An eye-opening visit to the islands

By Anina Kazaz ,

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FEELING SAFE IN SAMOA: Grandmother Kerry Allan with her son Chris, his wife Laura and the kids Jack (6-years-old) and Harper (3-years-old) at the tourist center in Apia.

FEELING SAFE IN SAMOA: Grandmother Kerry Allan with her son Chris, his wife Laura and the kids Jack (6-years-old) and Harper (3-years-old) at the tourist center in Apia. (Photo: Anina Kazaz)

Samoa is a good place for a family getaway.

Dear Tourist yesterday met grandmother, Kerry Allan, her son Chris and his wife, Laura and the kids, Jack, 6 and Harper, 3. 

They arrived in Samoa on 1st May fom Canada and they are here for a month. 

“Years ago we went to New Zealand and had a stopover on Cook Islands. We loved this Pacific Island,” Laura explained.

“What we read about Samoa is that it is safe to come with kids. So that is why we choose Samoa over Bali or Asia.” 

Chris added: “Compared to the Cook Islands, it is definitely less commercialised here. It is easier to see how the economy works in the village. We have not seen this in Rarotonga or the Cook Islands.”

They were staying at Lalomanu for three night and just came to Apia before they leave for Savaii today.

“Everyone has been so friendly here, it is nice to see that,” Chris said.

“It is easy to get into a conversation with the locals. They are always waving and saying hey.”

“We got a lot of comments like, thank you for coming to Samoa. We feel really safe here too.”

“There are no beggars around. We never got asked for money, which is really nice. If you go to Canada down the street there are people begging, here we have not seen that.”

One thing the family missed while driving around were the street signs.

“They definitely need some street signs because you really do not know where you are, even on a map,” Chris said.

“It is very hard for us to find restaurants. Just the location, with a price range and the kind of food they sell on a map would have helped us.”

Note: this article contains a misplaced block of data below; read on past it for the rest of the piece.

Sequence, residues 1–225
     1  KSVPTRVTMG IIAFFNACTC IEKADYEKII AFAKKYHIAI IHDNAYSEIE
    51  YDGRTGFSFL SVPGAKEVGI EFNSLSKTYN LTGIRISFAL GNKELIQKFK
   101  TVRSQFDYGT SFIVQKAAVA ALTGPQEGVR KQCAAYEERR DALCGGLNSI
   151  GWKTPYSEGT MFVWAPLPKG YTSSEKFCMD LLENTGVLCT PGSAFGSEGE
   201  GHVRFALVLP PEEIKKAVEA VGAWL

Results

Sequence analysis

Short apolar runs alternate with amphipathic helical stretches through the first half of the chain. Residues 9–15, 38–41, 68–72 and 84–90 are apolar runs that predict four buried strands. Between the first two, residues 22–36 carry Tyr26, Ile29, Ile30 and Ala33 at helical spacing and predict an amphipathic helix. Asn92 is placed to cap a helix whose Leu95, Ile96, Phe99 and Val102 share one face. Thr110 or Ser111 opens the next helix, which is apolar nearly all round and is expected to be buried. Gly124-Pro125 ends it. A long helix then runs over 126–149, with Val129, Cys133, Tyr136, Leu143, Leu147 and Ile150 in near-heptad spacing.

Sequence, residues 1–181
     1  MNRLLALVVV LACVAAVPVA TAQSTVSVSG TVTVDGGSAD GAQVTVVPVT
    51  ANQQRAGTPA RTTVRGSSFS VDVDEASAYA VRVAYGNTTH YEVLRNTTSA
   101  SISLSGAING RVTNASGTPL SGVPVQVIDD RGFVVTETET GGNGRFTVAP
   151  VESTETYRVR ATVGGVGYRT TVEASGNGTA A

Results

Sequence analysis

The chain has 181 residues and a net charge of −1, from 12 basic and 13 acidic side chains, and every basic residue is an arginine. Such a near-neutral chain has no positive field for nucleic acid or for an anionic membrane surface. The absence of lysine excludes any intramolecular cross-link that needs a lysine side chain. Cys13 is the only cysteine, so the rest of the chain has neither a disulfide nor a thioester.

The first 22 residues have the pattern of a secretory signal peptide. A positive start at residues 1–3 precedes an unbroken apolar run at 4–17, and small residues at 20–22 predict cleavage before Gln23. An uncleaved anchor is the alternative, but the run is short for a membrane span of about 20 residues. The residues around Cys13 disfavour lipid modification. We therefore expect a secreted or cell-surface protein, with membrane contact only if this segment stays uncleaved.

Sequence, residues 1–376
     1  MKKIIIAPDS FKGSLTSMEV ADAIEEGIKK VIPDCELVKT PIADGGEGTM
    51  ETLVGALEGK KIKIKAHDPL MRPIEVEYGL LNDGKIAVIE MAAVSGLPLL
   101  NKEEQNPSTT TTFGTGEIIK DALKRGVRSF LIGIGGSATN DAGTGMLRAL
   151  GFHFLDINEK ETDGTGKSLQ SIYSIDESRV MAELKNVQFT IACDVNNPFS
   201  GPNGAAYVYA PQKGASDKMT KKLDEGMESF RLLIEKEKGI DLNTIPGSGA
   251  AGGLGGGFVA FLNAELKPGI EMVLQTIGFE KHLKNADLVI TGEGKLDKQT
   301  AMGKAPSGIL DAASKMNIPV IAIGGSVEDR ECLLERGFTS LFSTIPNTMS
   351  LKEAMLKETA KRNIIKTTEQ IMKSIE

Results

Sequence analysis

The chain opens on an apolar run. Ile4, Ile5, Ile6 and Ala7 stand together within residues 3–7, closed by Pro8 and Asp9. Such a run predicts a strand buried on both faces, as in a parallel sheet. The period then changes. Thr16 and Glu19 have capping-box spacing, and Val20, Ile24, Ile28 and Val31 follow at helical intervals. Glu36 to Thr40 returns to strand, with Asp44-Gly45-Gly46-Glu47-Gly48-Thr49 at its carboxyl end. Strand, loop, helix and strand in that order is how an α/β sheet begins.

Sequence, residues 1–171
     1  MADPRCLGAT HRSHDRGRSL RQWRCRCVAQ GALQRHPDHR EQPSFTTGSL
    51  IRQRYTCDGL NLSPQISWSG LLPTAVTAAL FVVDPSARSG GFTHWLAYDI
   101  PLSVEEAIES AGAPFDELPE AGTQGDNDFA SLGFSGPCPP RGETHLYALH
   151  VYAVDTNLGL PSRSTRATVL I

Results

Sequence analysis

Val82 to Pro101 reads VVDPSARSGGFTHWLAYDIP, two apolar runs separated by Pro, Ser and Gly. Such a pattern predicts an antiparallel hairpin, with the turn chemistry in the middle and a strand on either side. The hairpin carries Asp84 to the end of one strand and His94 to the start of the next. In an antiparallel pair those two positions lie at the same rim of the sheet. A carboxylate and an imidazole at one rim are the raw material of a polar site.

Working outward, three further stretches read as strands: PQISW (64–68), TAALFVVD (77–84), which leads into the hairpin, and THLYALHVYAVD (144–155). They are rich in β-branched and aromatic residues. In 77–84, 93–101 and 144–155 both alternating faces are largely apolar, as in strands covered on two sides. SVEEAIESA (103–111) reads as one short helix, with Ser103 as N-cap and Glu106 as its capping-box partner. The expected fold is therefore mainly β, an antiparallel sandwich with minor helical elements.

“What we also thought of is in case of emergency was we would not know where to go because there are no signs to the hospitals,” Chris said.

They were also impressed with the family-oriented society in Samoa. 

“In the village we could see the pride they have. They obviously do not have a lot, but they appreciate what they have. That is hard. I think of life differently when I go home. We won’t complain about the Internet is too slow. It absolutely opened my eyes to see this,” Kerri shared.

This trip is also a time for the children to witness what life is like away from the comfort of their city life. 

“We met a family when we were lost, the man and some of the kids came up to help us. They live with six children in the middle of nowhere.” 

“They did not have any clothes, chicken or meat, nothing. They were not asking for anything from us. They were just friendly.”

“We bought them rice and flour. It was nice to see our kids so excited to give the gifts to them,” Laura shared.

“There was a store near by so we got there and bought them a lot of food. Harper picked up lollipops for the other kids.”

“They have been so thankful. This experience is good for all of us. It was my favorite day. The lady said the next time she sees us she will have a gift for us. ” Kerri said.

© Samoa Observer 2016

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